Adoration manifests itself in such gestures in genuflection, deep bow, kneeling, prostration and silence in the presence of the Lord. Asian cultures have a deep sense of the sacred and transcendent. Reverence in Asia to civil authorities sometimes shows itself in clasped hands, kneeling, bows, prostration and walking away while facing a dignitary. It should not be too difficult to bring and elevate this cultural value to honour our Eucharistic Jesus. The fashion in some parts of the world of not installing kneelers in churches should not be copied by the Church in Asia.

and

It is altogether unacceptable that the celebrant will opt for local dress in the place of universally approved Mass vestments or use baskets, or wine glasses to distribute the Holy Eucharist. This is inculturation wrongly understood . . .
.

and

Dance in particular needs to be critically examined because most dances draw attention to the performers and offer enjoyment. People come to Mass, not for recreation but, to adore God, to praise and thank him, to ask pardon for their sins, and to request other spiritual and temporal needs

read more here

Our new website


Today we are launching our new website. It has been created by John White, one of our parishioners, it is his first go at such a project, he has put tons of work into it, check it out and give us some feed back.

Monday, August 17, 2009

The Bones launches Jihad (against the pew)


Well of course some of parishioners are, err.., unique. If you enjoy a good rant try The Bones, who seems to have taken up my fleeting thought, no sooner had I pressed the keys than it had evaporated, of not having pews. He has started a "Lose the Pew Campaign", it seems to come close to a jihad.

The young, the young, how much they crave the ascetic way.
Pews are of course "people pens", they do tend to to make people passive observers rather than participants. Maybe they tempt preachers to go on too long, I am sure I do not preach for 20 minutes, unless of course I really have something important to say.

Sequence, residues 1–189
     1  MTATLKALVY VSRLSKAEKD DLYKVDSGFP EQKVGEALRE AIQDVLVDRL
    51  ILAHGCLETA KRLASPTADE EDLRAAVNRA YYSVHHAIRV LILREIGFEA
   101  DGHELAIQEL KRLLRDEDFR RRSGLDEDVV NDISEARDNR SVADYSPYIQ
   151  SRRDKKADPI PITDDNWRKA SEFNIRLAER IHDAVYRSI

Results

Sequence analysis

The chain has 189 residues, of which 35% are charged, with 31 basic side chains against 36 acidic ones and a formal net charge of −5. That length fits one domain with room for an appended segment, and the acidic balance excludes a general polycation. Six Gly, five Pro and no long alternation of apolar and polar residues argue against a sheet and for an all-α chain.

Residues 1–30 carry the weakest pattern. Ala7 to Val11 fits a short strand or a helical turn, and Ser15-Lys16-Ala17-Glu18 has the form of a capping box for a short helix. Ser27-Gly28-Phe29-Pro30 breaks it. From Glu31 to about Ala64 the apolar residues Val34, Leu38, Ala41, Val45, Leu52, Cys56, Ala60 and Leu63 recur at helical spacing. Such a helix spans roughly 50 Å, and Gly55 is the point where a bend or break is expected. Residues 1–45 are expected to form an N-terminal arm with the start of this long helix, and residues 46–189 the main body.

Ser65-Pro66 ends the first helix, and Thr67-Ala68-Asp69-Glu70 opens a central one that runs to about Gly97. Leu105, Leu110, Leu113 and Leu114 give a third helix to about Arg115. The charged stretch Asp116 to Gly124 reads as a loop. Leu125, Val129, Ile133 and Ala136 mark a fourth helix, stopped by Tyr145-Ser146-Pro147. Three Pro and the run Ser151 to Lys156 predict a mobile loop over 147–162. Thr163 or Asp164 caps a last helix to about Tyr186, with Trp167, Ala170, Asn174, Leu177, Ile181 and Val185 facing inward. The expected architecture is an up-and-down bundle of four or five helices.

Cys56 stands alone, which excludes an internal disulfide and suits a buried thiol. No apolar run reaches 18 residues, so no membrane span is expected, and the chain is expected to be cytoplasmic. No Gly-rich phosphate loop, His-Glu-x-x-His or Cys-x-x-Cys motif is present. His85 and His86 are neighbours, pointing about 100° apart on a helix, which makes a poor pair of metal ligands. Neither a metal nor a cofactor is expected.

The Place for Mass in Venice



Friends who live, in Venice, together with friends who visit tell me about St Simeon Piccolo, on the Grand Canal, opposite the railway station, but my friends talk about the number of young people who attend Mass there, the beauty of the music, mainly 16th/17th Venetian.
Over the last few years, under the direction of Fr Lowenstein, this church has increasingly become the place to worship, not just for the old Venetian families and Venices artistic community but for students too. The interesting thing is that this Church, in Venetian terms, is not that significant. It is from the outside an ugly church, the dome is much too large for the facade. What is significant is that it is a Church run by the Fraternity of St Peter, so it only offers the Traditional Rite.

Last Sunday the Ordinary was: Missa "Vidi Speciosam" by T. Luis da Victoria (Kyrie, Gloria, Sanctus, Benedictus, Agnus Dei) - Credo III - Communion Motet: "Ave verum Corpus" by William Byrd - Preludio, Offertorio, Communio and Postludio: with organ music Gabrieli, J. Pachelbel ed improvvisazioni liturgiche.
The choir was "Sonore Vocal Ensemble" from Oxford directed by Thomas Primrose, Organ Scholar of Norwich Cathedral.


I was reminded about this Church by a post on NLM.


There is something quite Venetian about the website, which is well worth exploring